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Versailles '73: American Runway Revolution (2012)

In an era known for protests and sit-ins, the 1973 Grand Divertissement at Versailles, made a statement of its own - a fashion statement. The legendary event pitting the five lions of ... See full summary »

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Credited cast:
Karen Bjornson ...
Stephen Burrows ...
Alva Chinn ...
Laurent Cotta ...
Norma Jean Darden ...
Charlene Dash ...
Tom Fallon ...
Didier Grumbach ...
Bethann Hardison ...
Jean-Luce Hure ...
Barbara Jackson ...
Harold Koda ...
Carla Lamonte ...


In an era known for protests and sit-ins, the 1973 Grand Divertissement at Versailles, made a statement of its own - a fashion statement. The legendary event pitting the five lions of French couture Givenchy, Dior, Ungaro, Yves Saint Laurent and Pierre Cardin with five American designers Halston, Oscar de la Renta, Anne Klein, Stephen Burrows and Bill Blass created a cross-stitch of change across fashion, race, business and catwalks. When African American models Bethann Hardison, Pat Cleveland, Alva Chinn, Billie Blair, Norma Jean Darden, Barbara Jackson, Jennifer Brice, Romana Saunders and Amina Warsuma boarded the plane to Paris, they had no idea they would help change the course of fashion and pull off its biggest coup. Versailles '73: American Runway Revolution tells this story. Written by Anonymous

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Release Date:

7 September 2012 (USA)  »

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16:9 HD
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Required Viewing for Fashionistas
17 September 2013 | by (Ontario) – See all my reviews

In November 1973 New York fashion promoter Eleanor Lambert brought acclaim to American design when her fashion show fundraiser for the restoration of Versailles became an important historical event akin to the debut of Dior's 'New Look' collection in 1947. The event pitted five of Paris' haute couturiers (Yves St. Laurent, Pierre Cardin, Marc Bohan for Dior, Hubert Givenchy, and Emmanuel Ungaro) against five of Seventh Avenue's brightest stars (Stephen Burrows, Bill Blass, Anne Klein, Halston, and Oscar de la Renta.)

Every moment of the story, from inception to after-party, is told through some very smooth edits of a huge cast of models, photographers, fashion historians and others - many of whom were there. Everything that could go wrong very nearly did, from a stereotypical icy Parisian reception of the American contingent to dramatic melt-downs and infighting that took place right up to curtain time.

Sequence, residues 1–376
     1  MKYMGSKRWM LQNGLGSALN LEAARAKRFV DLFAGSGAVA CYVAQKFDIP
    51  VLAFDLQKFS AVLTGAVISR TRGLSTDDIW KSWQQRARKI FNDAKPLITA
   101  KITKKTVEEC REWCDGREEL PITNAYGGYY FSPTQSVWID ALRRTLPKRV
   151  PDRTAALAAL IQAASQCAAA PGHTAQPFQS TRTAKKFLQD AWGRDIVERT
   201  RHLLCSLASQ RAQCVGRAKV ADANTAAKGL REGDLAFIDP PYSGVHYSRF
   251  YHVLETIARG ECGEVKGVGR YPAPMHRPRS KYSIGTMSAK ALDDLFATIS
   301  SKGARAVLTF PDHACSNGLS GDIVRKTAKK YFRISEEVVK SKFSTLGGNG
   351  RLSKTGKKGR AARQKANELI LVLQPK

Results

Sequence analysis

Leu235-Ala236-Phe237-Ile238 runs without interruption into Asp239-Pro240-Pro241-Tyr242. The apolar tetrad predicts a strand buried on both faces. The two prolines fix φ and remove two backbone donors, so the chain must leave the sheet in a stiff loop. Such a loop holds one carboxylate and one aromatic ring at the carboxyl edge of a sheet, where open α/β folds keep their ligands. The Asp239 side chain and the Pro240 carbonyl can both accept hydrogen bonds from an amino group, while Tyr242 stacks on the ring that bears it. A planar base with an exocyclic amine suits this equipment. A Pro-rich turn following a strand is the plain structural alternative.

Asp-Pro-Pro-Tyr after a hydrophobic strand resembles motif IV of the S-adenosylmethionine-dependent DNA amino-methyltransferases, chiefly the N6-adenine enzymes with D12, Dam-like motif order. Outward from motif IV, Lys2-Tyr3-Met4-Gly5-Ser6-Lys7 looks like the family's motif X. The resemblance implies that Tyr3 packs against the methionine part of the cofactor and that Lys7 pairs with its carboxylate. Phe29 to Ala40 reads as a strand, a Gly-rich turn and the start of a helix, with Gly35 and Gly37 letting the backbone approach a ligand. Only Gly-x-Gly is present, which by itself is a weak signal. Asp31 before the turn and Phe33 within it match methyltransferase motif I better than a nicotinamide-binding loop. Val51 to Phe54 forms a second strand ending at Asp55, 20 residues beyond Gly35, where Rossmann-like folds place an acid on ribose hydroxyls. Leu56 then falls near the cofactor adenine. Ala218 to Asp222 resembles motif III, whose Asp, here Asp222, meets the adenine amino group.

The French 2 1/2 hour presentation was heavy and dull with stagey, overly-theatrical sets, long musical numbers, and formal fashion parades. This was followed by the American 35 minute presentation that used blank sets, placing all the emphasis onto the lively presentation of willowy models dancing across the stage in colourful, easy-fitting clothes. The American presentation won the unanimous acclaim of the guests who threw their programs in the air while jumping to their feet screaming Bravo.

American fashion had been gaining popularity and importance since the 1940s, but this event made Paris recognize the importance of American ready-to-wear and sportswear design. The show was also instrumental in opening doors to black models that only ten years earlier were just beginning to break into mainstream American fashion shows

The film is at its best when it lets the still stunningly beautiful models recall, almost with disbelief that they were actually there, the events of the evening. A few grainy clips and photos survive, which help to bring the recollected stories to life, but it is difficult to believe that no complete film of the show was made or survives.

The documentary slips a little by using too much footage of experts who weren't there but pontificate like they were. Also, the film drags towards the end as the message gets repetitive about how important the show was to black history. With a ten or fifteen minute edit, this documentary would be perfect.

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